Actively Managed vs. Passively Managed Mutual Funds
Some mutual funds are actively managed, while others are passively managed. Actively managed funds are controlled by fund managers who buy and sell fund holdings with the goal of beating the fund's targeted benchmark return, such as the S&P 500 return.
These funds tend to have higher administrative fees than passively managed funds because managers are more involved in making ongoing strategic decisions.
Passively managed funds, such as index funds, usually track a specific index and try to mirror returns of that index. Because fund holdings are chosen automatically and not by a fund manager, passively managed funds tend to have lower management fees.
Pros and Cons of Investing in Mutual Funds
Before investing in mutual funds, it's important to consider your financial goals and understand the benefits and potential pitfalls. Here's a quick overview:
Benefits of Mutual Funds
- Returns: While less risky than individual stock investing, mutual funds invest in companies with the goal of earning higher returns than you'd find with a low-risk investment such as a high-yield savings account or CD.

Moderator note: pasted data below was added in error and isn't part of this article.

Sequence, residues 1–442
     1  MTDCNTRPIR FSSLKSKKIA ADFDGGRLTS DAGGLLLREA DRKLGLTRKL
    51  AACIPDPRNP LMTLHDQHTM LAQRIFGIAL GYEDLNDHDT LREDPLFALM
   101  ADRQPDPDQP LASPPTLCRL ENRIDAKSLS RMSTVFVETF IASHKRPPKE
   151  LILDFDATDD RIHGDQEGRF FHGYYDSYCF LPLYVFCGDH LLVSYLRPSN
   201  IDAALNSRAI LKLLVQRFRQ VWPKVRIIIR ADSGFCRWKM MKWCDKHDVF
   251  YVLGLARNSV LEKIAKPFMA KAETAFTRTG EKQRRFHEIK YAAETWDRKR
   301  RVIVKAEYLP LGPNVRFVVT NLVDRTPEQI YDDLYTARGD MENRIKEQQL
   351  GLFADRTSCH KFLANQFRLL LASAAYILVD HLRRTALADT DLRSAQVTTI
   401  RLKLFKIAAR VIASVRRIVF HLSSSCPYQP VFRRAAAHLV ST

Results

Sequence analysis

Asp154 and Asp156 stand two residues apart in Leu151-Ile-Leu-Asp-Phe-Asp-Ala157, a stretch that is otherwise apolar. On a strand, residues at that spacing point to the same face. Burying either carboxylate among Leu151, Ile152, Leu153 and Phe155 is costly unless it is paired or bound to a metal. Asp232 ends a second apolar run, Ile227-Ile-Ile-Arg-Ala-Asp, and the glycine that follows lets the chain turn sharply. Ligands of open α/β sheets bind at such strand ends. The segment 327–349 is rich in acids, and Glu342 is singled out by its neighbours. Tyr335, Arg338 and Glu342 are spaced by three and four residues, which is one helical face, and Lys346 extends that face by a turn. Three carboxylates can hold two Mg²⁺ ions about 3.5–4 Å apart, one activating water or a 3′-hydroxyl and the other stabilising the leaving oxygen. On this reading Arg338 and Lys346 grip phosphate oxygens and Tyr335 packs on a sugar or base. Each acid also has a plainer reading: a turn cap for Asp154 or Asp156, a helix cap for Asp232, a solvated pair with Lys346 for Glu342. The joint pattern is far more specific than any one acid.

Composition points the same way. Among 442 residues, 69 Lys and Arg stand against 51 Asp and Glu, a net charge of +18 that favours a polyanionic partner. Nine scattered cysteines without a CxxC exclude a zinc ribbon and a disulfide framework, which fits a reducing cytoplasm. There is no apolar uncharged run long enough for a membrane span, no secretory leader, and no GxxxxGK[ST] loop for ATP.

- Simplicity: Buying mutual funds is a low-effort way to invest that can help grow your portfolio. This can make it convenient for first-time investors or investors who prefer a more hands-off approach to investing.
- Diversification: Investing in mutual funds may spread your money out across many asset classes, industries and companies. Diversification can help reduce risk because a loss in one area could be balanced by gains in others.
- Accessibility: You may not need a large sum of money to start investing in mutual funds. For example, Fidelity has no minimum required to invest with certain funds. Vanguard currently requires just $1,000 to start investing in its Vanguard STAR Fund and Vanguard Target Retirement Funds.
Drawbacks of Mutual Funds
- The cost: There are several costs to consider. If you buy funds through a brokerage, you may be charged a fee or "sales load" to complete the transaction. There may also be operational costs expressed as an expense ratio, which is a percentage of fund assets that goes to various fund expenses each year. An expense ratio of 0.50%, for example, would mean you'd pay $50 for every $10,000 managed. Comparing fees and expense ratios can help you find low-cost investment options.